Admission is $20, $15 for seniors, $5 for children ages 18 and under and non-SU students with ID. To purchase tickets, visit the Information Desk of the Guerrieri University Center or the SSO website at

For more information about the festival call 410-543-6385 or visit the SU website at

SU Journalist Panel to Discuss Gender And Racial Bias Oct. 24

SALISBURY, MD—Does the media cover all ethnic groups fairly? Do reporters receive specific criticisms because of their race or gender? How are decisions made regarding news coverage and headlines?

Salisbury University’s Society of Professional Journalists (SPJ) chapter asks these questions and more during the Media Forum 2013 panel discussion “Diversity: the Challenge for the Media” 7 p.m. Thursday, October 24, in the Wicomico Room of the Guerrieri University Center.

A pre-discussion reception begins at 6:30 p.m. A “Meet the Panelists” session follows at 8:30 p.m.Panelists include Baltimore Sun reporter Michael Gold,Daily Times executive editor Michael Kilian, WMDT reporters Emily Lampa and Lenita Wesson, and ESPN panelist and University of Maryland, College Park faculty member Kevin Blackistone.

“Our purpose is to examine diversity portrayed in the media via news and feature coverage and those producing it,” said SU SPJ president Ajia Allen. “We also want to bring attention to the groups that tend to have, or are perceived to have, attention in the media for less appealing reasons than those within the group may prefer.”

During the presentation, audience members are encouraged to interact with panelists, both in real time and via social media using the Twitter hashtag #OurMediaOurVoice. Questions and comments tweeted with that hashtag during the discussion will be broadcast on a screen at the event.

Admission is free and the public is invited. For more information call 410-543-6030 or visit the SU website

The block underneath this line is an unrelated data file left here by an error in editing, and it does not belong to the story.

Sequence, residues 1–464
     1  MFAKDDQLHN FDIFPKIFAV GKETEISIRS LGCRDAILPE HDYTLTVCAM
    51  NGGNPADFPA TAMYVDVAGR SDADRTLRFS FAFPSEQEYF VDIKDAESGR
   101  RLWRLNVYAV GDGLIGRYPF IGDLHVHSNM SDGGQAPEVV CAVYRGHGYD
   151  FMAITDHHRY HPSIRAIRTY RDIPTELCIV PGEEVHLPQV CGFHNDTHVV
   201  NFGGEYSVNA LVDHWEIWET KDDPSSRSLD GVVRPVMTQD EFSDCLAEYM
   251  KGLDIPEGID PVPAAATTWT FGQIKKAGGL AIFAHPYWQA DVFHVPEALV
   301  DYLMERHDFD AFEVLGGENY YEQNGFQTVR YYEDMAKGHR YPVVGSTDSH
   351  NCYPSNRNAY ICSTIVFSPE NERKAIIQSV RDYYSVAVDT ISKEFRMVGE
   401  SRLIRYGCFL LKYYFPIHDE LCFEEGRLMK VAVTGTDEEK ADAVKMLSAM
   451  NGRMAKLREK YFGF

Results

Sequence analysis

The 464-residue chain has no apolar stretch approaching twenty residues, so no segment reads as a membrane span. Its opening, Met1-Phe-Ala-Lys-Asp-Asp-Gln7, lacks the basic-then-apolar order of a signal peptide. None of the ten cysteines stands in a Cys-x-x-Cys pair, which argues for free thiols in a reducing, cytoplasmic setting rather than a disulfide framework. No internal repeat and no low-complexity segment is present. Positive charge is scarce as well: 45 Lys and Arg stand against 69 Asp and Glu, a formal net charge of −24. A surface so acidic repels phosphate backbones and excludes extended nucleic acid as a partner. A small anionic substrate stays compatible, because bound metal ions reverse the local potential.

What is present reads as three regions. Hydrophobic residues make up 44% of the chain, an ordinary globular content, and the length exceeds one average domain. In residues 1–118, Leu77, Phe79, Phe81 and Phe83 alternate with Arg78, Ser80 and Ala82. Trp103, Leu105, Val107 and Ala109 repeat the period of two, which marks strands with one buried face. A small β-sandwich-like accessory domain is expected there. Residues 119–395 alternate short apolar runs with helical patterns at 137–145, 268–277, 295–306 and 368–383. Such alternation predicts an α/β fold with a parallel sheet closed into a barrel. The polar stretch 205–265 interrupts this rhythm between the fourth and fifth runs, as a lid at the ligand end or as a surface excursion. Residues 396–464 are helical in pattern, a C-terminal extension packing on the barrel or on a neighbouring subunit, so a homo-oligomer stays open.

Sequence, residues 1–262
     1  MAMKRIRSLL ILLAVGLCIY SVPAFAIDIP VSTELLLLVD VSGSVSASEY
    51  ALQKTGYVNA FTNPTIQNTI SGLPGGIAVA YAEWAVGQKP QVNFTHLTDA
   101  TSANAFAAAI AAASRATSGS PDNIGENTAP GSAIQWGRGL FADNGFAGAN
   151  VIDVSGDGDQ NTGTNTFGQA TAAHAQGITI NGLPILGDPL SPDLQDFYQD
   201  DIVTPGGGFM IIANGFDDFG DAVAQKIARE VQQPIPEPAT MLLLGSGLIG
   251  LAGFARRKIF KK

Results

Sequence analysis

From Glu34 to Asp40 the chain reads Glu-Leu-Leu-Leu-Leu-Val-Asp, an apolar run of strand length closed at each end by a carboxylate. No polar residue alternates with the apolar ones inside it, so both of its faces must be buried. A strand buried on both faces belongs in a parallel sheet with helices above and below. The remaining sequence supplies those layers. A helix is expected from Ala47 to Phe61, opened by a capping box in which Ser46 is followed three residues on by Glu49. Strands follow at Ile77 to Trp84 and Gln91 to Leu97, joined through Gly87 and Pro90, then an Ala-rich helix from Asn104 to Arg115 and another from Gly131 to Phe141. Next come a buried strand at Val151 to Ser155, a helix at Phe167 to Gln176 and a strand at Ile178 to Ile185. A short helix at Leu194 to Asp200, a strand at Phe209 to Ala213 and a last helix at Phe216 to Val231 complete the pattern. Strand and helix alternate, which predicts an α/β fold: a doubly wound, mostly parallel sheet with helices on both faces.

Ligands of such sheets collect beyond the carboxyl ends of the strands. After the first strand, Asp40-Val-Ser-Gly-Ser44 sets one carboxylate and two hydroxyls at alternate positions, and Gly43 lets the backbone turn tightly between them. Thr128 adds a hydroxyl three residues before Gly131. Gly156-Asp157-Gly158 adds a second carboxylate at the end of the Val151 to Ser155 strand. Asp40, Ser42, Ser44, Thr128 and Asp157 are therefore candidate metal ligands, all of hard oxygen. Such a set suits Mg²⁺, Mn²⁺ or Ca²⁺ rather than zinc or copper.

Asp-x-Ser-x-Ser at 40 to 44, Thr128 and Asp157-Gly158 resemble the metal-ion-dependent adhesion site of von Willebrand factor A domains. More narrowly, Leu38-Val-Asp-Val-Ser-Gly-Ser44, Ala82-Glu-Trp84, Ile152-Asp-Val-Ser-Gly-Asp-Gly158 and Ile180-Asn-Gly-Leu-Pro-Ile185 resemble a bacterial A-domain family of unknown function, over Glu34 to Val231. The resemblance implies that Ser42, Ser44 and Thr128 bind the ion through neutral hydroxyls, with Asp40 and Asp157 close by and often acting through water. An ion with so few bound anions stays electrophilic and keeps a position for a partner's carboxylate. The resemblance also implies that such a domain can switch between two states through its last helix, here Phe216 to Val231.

SU’s Wenke Debuts in Salinger Documentary Sept. 6

catcherWhen Salinger, a high-profile documentary about one of America’s most enigmatic literary figures, opens in theatres on Friday, September 6, audiences will see interviews with some of the country’s most prominent literati and J.D. Salinger fans. Among them are playwright John Guare, novelists E.L. Doctorow and Tom Wolfe, actors Philip Seymour Hoffman, Ed Norton, John Cusak and Danny DeVito, and Dr. John Wenke, an English professor at Salisbury University.

Unlike some of the others, Wenke, author of J.D. Salinger, A Study of the Short Fiction, is making his film debut.  “I was contacted by (director/producer) Shane Salerno’s office about five years ago,” Wenke said.  “I was flown to New York and was interviewed on camera for about two hours.”  Apparently Salerno liked what he heard.  About eight months later, the SU professor was flown to L.A., met by a limo and taken to another two-hour filming.  The American literature teacher and scholar recently was notified that he made the final cut of the movie, no mean feat since, according to Salerno, some 200 people were interviewed for the project.

Wenke’s presentation was “very strong,” he was told, and he may be attending the premiere if logistics and time permit.  Salinger’s director/producer and the SU English professor hit it off, and Salerno has agreed to visit the University, Wenke added.

Salinger has been a labor of love for Salerno, who has devoted some $2 million of his own money and nine years in bringing it to the screen, according to one New York Times story.  Now 40, Salerno is a movie and television insider, voted by Detour magazine as one of “Hollywood’s true shapers of popular culture.” He started working in the industry out of high school and has written or produced such popular blockbusters as Armageddon, Shaft, Ghost Rider, Alien vs. Predator movies, the award-winning Hawaii Five-0 television series and Oliver Stone’s Savages, among many others.